Sustainability of NGOs and Globalisation
In the era of globalisation, successful implementation of development programmes requires an appropriate policy framework, formulation of suitable plan and schemes, and an effective delivery machinery. Indeed, development is a process of mutual endeavour that calls for the involvement of people in all the segments of society. This has necessitated the emergence of institutions, which can function as a catalyst between the state and the civil society, while still remaining independent of direct government intervention. Conversely, past experiences of NGOs suggest that availability of funds, by itself, is no panacea for the problems of poverty, backwardness and low human development anywhere in the world. This has provoked a series of questions related to the behaviour of NGOs and their dynamics - a phenomenon largely missing during the last two decades. That is, the most profound question is concerned with the very contribution of NGOs - the level and degree of implementation and, identified alternative development and their level of sustainability. Thus, no aspect of the development discourse can be carried forward today without paying attention to the work and the voice of NGOs. What is needed is not the creation of a completely new sustainability outlook, but the establishment of a firm contemporary agenda that builds on some of the proven strengths of the community-based agenda. Within this context, the thinking about sustainability in particular ought to be built on a firmer and more strategically robust foundation than available now. This book comprehensively reviews the key questions about aid and sustainability, including the changing motives for and the purposes of providing aid, the need for new aid targets, distinctions among various recipient NPOs, and the implications of globalisation. In fact, it is an attempt to understand the term ?sustainability? in the context of globalisation through a process of transforming that understanding into organizational action. Although ?sustainability?, ?globalisation? and ?organizational action? can stand by themselves, it may be a useful exercise to explore the sustainability concept under the globalisation setting, drawing on its own experiences and best practices from India.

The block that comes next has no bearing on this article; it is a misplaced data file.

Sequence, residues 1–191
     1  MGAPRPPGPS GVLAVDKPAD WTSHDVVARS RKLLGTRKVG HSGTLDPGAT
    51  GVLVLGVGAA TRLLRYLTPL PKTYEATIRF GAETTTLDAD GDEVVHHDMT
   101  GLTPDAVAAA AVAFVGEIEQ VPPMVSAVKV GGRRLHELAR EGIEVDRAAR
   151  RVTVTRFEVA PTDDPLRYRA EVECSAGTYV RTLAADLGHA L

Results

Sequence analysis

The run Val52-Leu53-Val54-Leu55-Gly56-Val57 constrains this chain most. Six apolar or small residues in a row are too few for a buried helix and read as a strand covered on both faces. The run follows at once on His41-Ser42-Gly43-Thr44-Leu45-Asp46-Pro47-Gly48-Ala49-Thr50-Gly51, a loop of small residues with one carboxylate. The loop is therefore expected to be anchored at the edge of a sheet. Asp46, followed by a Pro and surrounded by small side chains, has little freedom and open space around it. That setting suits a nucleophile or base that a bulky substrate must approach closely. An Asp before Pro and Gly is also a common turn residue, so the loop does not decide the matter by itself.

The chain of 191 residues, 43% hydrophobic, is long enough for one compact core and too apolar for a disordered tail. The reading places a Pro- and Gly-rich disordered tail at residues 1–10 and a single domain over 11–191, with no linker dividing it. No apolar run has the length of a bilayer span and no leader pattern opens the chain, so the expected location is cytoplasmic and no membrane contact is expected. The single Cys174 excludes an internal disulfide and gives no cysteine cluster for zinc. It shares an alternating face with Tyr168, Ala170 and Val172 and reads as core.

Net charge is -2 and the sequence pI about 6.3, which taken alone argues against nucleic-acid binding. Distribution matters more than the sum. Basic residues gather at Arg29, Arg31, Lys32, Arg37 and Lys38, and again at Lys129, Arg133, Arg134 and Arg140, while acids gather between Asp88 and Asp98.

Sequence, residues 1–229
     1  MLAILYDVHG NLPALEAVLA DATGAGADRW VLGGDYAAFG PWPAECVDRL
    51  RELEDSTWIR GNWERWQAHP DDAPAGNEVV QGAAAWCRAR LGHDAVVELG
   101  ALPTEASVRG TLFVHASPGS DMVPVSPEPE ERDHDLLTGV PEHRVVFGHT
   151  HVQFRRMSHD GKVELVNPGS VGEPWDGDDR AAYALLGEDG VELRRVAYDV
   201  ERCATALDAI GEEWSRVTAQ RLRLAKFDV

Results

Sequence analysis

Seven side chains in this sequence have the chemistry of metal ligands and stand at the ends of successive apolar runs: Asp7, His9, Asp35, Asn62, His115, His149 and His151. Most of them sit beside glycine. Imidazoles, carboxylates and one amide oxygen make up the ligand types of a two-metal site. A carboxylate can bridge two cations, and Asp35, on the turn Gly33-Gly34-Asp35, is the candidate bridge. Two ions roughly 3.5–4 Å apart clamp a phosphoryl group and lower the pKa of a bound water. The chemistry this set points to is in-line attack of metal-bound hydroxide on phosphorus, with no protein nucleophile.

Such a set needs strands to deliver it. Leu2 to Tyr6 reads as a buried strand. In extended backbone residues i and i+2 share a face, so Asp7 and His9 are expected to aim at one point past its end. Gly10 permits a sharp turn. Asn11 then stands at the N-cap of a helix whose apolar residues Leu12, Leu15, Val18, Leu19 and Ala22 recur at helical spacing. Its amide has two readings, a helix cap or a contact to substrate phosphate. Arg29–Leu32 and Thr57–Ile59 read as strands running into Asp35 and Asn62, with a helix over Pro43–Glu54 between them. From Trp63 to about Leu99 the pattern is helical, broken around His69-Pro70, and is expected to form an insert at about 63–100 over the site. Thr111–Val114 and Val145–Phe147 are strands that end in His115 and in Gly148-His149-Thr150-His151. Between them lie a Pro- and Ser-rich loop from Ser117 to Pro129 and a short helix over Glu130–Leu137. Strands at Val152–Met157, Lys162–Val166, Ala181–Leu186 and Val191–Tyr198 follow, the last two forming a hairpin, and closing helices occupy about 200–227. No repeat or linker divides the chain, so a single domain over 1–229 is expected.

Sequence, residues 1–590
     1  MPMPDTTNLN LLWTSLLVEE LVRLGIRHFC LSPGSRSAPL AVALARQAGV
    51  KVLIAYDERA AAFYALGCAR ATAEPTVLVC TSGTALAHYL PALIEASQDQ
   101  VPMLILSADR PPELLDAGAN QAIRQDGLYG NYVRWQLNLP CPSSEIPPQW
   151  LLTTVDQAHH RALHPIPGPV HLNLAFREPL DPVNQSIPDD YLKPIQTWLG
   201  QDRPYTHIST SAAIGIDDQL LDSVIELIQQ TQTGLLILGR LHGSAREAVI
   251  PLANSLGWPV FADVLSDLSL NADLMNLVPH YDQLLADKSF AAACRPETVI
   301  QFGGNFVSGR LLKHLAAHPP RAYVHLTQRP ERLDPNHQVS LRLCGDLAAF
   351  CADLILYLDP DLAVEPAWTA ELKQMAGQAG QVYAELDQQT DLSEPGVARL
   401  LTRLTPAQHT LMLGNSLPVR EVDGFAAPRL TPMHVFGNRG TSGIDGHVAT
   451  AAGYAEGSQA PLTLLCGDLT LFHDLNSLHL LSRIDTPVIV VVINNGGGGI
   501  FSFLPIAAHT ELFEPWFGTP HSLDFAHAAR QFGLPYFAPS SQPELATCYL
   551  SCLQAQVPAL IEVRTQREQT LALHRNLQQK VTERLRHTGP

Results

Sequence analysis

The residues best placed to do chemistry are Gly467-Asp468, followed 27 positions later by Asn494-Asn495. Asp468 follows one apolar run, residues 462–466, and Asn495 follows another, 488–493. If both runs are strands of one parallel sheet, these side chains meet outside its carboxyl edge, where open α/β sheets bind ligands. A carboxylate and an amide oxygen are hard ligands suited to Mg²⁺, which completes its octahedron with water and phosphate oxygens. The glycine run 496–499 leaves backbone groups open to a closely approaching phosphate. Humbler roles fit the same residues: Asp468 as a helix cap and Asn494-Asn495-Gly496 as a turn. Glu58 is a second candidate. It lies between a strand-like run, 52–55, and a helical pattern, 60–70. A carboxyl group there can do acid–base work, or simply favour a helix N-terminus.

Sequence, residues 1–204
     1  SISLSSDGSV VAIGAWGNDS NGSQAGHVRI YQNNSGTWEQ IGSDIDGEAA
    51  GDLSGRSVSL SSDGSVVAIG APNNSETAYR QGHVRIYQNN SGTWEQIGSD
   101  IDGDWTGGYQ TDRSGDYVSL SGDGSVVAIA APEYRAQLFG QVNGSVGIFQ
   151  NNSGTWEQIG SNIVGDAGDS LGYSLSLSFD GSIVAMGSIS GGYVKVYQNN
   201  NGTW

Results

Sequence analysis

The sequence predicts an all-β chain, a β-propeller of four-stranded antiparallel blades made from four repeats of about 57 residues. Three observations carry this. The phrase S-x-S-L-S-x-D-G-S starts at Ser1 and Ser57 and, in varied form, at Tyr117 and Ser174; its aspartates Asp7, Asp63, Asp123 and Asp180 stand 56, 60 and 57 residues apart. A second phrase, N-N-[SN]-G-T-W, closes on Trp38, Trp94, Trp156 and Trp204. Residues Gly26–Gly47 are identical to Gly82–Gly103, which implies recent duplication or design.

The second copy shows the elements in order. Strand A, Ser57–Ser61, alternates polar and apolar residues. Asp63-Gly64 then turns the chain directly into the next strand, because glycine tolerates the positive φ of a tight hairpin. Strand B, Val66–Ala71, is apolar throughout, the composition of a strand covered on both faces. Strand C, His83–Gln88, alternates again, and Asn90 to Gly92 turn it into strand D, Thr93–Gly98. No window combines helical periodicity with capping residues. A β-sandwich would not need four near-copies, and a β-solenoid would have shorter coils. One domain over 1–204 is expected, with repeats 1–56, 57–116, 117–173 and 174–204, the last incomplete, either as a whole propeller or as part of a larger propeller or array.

Publication Date: 1/1/2007